Logically, the natural consequence of these questions would have been for St. Eugene to close the missionary house as soon as possible and for the missionaries to separate, each one returning to his own place of origin. This is the question that comes very easily to us too when we are faced with trials…
St. Eugene wrote on August 15, 1822:
“I believe I owe to her also a special experience that I felt today, I will not go so far as to say more than ever, but certainly more than usual. I cannot describe it too well because it comprised several things but all related, however, to a single object, our dear Society. It seemed to me that what I saw, what I could put my finger on, was that within her lies hidden the germ of very great virtues, and that she can achieve infinite good; I found her worthy, everything pleased me about her, I cherished her rules, her statutes; her ministry seemed sublime to me, as it is indeed. I found in her bosom sure means of salvation, even infallible, such is how they looked to me” (To Father Tempier, OW 6, No. 86).
In a certain sense, I believe that the Immaculate Virgin granted our Founder for a few moments to look at the Congregation with the same gaze of Jesus, which not only sees the present but also allows us to glimpse the future, as Jesus himself did with his disciples: “Do you not say, ‘In four months the harvest will be here’? I tell you, look up and see the fields ripe for the harvest. The reaper is already receiving his payment and gathering crops for eternal life” (Jn 4:35-36) [bible.usccb.org].
And what did St. Eugene see when the Blessed Virgin allowed him to look like this? Eugene saw that, in spite of all the trials and difficulties, the Congregation he founded was going to have a future blessed by the grace of God, that our Society was going to bear much fruit and that it was going to endure. And so St. Eugene understood that our Congregation was truly the work of God. We can say that, in a way, Our Lady granted St. Eugene to see us, Oblates and Oblate Family in 2022. We are the confirmation of that vision that St. Eugene had and that encouraged him to go forward. To a greater or lesser extent, our countries, our cities and towns have been evangelised by the Oblates. In fact, there have been, and still are today, whole countries (or at least whole populations) where we Oblates have been the only presence of the Church. We have been evangelised by the Oblates we have known and we too have been called to collaborate in the evangelisation of others.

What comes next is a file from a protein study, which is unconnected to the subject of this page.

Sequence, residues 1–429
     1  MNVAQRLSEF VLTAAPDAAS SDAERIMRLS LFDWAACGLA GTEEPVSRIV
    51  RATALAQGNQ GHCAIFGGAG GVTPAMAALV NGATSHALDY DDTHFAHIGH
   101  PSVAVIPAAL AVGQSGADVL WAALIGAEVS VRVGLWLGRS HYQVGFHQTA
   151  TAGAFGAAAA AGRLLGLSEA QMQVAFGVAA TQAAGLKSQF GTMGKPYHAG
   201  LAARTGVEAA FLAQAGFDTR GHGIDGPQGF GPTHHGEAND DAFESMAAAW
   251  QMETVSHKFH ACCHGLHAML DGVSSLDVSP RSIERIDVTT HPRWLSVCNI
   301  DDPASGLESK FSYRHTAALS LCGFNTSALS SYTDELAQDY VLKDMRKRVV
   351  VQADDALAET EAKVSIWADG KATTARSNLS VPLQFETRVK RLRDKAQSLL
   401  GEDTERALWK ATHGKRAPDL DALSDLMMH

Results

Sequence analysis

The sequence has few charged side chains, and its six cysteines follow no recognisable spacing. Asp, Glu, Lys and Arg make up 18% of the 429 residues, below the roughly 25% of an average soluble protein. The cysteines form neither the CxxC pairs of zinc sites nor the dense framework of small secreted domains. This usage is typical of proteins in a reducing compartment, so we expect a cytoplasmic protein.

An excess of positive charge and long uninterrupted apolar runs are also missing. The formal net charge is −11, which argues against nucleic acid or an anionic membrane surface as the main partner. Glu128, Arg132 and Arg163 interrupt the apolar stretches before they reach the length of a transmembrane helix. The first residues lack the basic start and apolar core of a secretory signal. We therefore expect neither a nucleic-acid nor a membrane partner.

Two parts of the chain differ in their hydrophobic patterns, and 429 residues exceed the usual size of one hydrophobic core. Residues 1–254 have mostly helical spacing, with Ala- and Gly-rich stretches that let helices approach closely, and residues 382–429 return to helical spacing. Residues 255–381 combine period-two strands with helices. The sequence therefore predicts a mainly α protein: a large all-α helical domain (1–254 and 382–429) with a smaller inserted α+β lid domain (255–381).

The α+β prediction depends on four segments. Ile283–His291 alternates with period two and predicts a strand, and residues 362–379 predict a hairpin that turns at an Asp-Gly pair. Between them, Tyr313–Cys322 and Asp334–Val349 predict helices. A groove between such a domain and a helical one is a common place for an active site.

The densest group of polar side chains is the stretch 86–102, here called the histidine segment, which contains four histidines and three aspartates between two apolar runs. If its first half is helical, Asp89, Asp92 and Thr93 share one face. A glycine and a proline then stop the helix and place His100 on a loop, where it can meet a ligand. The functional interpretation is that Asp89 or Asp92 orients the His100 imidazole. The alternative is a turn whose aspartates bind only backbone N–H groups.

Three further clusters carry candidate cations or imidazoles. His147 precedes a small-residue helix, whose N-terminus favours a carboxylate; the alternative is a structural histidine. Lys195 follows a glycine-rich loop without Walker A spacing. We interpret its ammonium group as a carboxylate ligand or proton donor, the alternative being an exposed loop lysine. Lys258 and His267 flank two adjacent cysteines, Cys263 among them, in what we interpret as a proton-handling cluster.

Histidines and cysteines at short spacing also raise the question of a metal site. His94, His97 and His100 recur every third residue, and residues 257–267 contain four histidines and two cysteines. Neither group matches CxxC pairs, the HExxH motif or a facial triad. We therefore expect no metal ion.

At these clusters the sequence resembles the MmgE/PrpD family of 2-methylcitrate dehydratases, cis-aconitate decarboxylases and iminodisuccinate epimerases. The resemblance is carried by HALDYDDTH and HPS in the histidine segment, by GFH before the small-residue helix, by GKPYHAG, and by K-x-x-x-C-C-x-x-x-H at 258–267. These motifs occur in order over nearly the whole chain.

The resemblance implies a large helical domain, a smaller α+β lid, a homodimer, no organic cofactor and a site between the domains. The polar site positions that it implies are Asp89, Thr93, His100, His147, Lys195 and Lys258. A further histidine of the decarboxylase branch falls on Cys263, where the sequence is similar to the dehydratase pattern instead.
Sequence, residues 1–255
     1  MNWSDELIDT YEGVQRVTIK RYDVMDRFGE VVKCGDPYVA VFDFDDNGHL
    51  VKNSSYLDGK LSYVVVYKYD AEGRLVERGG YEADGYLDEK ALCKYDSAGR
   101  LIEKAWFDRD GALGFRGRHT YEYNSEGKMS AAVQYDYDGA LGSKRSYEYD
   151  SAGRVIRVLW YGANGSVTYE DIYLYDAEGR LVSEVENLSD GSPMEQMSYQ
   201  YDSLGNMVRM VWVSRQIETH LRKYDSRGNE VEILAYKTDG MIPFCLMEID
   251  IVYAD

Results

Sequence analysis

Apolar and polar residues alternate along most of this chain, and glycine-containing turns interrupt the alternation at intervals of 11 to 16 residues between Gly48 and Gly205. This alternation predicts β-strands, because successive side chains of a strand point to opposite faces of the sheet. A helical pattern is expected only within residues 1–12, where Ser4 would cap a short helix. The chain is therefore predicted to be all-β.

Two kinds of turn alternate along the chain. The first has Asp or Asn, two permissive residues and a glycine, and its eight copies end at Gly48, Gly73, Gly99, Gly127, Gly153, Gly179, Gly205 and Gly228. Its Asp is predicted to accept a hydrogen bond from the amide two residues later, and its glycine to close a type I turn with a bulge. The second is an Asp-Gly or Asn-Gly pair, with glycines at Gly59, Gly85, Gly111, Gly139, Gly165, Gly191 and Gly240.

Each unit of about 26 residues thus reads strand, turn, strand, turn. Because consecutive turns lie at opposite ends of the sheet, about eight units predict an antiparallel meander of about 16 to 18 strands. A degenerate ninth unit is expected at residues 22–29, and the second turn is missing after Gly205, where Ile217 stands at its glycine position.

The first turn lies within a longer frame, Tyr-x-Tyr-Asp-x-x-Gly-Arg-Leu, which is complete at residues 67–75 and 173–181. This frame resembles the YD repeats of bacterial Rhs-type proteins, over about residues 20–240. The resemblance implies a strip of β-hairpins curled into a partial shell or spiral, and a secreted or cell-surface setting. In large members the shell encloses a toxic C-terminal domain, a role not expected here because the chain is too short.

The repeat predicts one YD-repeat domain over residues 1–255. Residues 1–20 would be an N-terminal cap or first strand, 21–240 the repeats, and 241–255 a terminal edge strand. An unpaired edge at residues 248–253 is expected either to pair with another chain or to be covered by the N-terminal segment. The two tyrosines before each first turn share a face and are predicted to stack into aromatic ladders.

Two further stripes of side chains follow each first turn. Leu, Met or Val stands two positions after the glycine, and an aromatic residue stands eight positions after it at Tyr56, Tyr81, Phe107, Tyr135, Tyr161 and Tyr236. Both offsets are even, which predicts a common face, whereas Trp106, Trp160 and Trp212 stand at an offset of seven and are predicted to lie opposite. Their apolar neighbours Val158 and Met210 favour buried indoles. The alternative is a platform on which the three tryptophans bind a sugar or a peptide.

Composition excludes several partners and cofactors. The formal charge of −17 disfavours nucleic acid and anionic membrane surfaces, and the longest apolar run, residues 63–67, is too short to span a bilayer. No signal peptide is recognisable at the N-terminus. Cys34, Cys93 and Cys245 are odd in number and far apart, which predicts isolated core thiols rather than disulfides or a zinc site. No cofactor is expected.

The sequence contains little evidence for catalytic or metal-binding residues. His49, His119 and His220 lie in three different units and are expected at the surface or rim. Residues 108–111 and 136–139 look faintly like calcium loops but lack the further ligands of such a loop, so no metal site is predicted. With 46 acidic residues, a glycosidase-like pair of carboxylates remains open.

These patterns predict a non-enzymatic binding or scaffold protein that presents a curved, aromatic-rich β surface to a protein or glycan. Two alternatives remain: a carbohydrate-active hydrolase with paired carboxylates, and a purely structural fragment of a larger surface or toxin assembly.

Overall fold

So, as we recall the experience of August 15, 1822, I believe that the Virgin Mary is telling all of us today, Oblates and members of the Oblate Family, that the Lord is still counting on us. The Lord already knows our weaknesses, our human and perhaps also our material poverty, our tensions in our common life, our weariness in the routine of daily life… These situations are but the confirmation that it is the Lord, and only He, not our intelligence or our missionary daring, who makes our life and our mission fruitful, and who has the power to continue to make our Family fruitful for at least another 200 years, or as many as the Lord wants to give us.
Faced with the difficulties of mission and of our state in life, discouragement and the question of whether it is worth the effort come spontaneously to our minds and hearts. St. Eugene’s experience 200 years ago invites us today to look not only at our world through the eyes of our Crucified Saviour (cf. C.4) but also at our own Congregation, to look higher and deeper at all the good that God has done and continues to do through us, despite our weaknesses, and to thank God for it all. Thus, this feast is an occasion to discover the value of our most specific vow as Oblates, that of perseverance (cf. C. 29), for by living our joys and sorrows in intimate union with our Mother (cf. C. 10), we will find the strength to persevere even in the midst of the difficulties and contradictions that are part of life.
May this celebration fill us with joy and hope, presenting all our needs before the Virgin Mary, and she, Mother of Mercy, Mother and Queen of the Oblates, will present them before her Son, our Lord.
Happy Feast of Our Mother!